I am not suggesting for a second that it is perfect legislation. There is no such animal and all legislation is subject to further modification and refinement but the Bill must also slot into the Irish situation. We cannot take an off-the-shelf view of the UK, Australian, South African or New Zealand legislation, which are exemplars, and slot them in. We must take cognisance of our situation.

Senator Sheahan spoke about a code of practice and its timing. I do not expect this to fly through the Oireachtas. There will be a process in this House and then in the other House. It is envisaged that the code of practice, which is important, will be in place at that time. There is always a dichotomy between saying whether the ordinary citizen can read legislation. Very few try to and we need the citizen's guide to it and the code of practice will function as that.

This is a firm delivery of a programme for Government commitment. Senator Zappone referred to the complexity of the Bill, which I acknowledge, but it needs to be legally robust as it will be interpreted and challenged in the courts. That is why there is unavoidable complexity at times. I do not accept, subject to listening to the argument, that we need oversight of oversight and providing a role for the Ombudsman or the Irish Human Rights Commission to oversee the overseer. If HIQA is the mechanism to which someone whistleblows about something going on in a State-funded nursery, do we need to have someone to monitor the monitors? Perhaps we need a reporting regime. We do not want to have evermore reporting mechanisms to deliver more reports. We need practicality in these matters.

I welcome the kind comments of Senator Higgins with regard to the history and evolution of these proposals but we are now where we want to be. The idea of an overarching single comprehensive item of legislation, affecting both private and public sectors, is important. Senator Higgins raised an interesting point about the trade union charter. It is not a bad idea and I will raise it with ICTU. Perhaps IBEC will do the same with its members. It should signal to union members and workers that this is important, that these are their rights and that the union will provide help with it.

Senator Quinn raised a number of issues. It is very hard to provide in legislation for a regime whereby, if I raise the matter with an employer, the employer offers a little bung if I shut up. How do we deal with that? It is a difficult question. There is no log of State employees who have been gagged. It is not a matter that is reported and it is not something we can have a charter about, but I am sure it happens. Senator Quinn posits his solution, which is a reward system. I am a little uncomfortable with this. Motivation should be the best motivation although I have already said that people may be motivated by the wrong issue. I can provide a concrete example. In the Morris tribunal concerning Garda corruption in Donegal, one of the whistleblowers was in a family dispute. Very important information came into the public domain because of a family dispute. We can impugn the motive but the information, which was shocking, would not have come to light if the person had not been motivated, for good or ill, to put it into the public sphere. I am a little nervous about the notion of rewards per se.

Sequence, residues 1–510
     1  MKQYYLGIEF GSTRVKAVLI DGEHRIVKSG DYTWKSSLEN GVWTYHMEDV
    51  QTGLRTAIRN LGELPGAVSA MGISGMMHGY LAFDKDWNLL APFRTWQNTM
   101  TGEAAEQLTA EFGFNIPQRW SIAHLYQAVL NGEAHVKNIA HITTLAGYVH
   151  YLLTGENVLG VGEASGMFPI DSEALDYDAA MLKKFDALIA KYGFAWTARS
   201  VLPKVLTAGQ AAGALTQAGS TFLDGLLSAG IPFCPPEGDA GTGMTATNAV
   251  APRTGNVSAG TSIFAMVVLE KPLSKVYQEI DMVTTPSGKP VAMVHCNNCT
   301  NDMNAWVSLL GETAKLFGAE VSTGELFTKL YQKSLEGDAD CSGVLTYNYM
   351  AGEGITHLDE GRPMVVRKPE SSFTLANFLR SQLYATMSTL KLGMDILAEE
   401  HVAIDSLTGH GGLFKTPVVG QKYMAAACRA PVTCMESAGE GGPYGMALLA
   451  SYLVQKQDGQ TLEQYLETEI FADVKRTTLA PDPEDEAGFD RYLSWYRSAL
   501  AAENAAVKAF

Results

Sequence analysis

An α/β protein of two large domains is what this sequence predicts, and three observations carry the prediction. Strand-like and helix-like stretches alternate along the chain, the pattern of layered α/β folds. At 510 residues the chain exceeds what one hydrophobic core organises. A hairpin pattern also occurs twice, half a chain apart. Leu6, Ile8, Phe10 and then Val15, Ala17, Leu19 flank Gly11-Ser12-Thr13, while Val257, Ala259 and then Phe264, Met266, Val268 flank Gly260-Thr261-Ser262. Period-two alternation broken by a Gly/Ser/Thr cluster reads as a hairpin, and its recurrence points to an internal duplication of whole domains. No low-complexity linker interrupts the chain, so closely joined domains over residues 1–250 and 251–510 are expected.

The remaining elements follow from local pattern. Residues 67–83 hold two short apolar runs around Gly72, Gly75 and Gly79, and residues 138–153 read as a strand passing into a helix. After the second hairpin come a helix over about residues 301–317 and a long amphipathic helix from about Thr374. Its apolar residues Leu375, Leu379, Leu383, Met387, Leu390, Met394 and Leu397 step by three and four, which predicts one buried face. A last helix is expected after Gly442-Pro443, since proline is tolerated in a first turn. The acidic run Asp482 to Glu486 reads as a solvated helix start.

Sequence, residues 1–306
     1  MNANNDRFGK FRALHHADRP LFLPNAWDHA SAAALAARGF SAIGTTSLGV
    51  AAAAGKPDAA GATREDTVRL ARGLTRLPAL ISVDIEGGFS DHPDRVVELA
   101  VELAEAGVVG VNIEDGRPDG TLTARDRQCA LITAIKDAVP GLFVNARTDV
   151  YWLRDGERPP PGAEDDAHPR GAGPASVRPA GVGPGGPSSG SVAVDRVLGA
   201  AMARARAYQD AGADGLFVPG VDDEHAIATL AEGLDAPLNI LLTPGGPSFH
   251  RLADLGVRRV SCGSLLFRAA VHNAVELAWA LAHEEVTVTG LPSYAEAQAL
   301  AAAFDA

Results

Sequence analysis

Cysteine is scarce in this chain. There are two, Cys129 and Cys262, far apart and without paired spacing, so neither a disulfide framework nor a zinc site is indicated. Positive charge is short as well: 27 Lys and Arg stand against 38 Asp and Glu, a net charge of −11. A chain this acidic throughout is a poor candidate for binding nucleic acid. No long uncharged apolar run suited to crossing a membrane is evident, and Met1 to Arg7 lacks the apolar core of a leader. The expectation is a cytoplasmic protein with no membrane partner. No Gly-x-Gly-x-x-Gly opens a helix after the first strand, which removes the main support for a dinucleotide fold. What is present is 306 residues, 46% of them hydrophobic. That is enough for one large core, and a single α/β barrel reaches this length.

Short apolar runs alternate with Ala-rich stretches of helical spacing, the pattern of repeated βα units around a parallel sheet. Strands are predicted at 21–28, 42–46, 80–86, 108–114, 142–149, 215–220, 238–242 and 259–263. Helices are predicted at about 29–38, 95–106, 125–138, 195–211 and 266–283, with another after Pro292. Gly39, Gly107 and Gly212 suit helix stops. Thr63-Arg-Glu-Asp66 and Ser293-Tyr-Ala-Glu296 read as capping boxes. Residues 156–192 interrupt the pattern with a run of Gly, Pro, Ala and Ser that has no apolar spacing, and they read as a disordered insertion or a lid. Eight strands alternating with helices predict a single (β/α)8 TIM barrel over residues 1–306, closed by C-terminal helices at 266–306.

Senator Reilly welcomed the Bill and proffered her party support, which I welcome. She underscored the issue of white-collar crime and I agree it is important. We are looking at new legislation to deal with white-collar crime specifically. It is an area we have not handled very well as a society. We put less focus on it than we do on ordinary decent criminals. We have been egregiously damaged by white-collar criminals.

Many of them have not felt touched by the law forces of the State. I hope that is changing and will change because we certainly need it to change.

We looked at the issue of interim relief. It is contained in the UK legislation, but its labour regulatory bodies are judicial bodies, whereas ours are not because under the Constitution, the courts are the only bodies which can stand as a court. It is not readily applicable, but we have not given up on looking at the prospect of providing some mechanism in this regard. This issue will be considered during the passage of the Bill.

I thank all Senators for their contributions and look forward to detailed interaction with them. I am completely open to good suggestions from wherever they come.

Question put and agreed to.
Committee Stage ordered for Tuesday, 1 October 2013.
Sitting suspended at 3.10 p.m. and resumed at 5 p.m.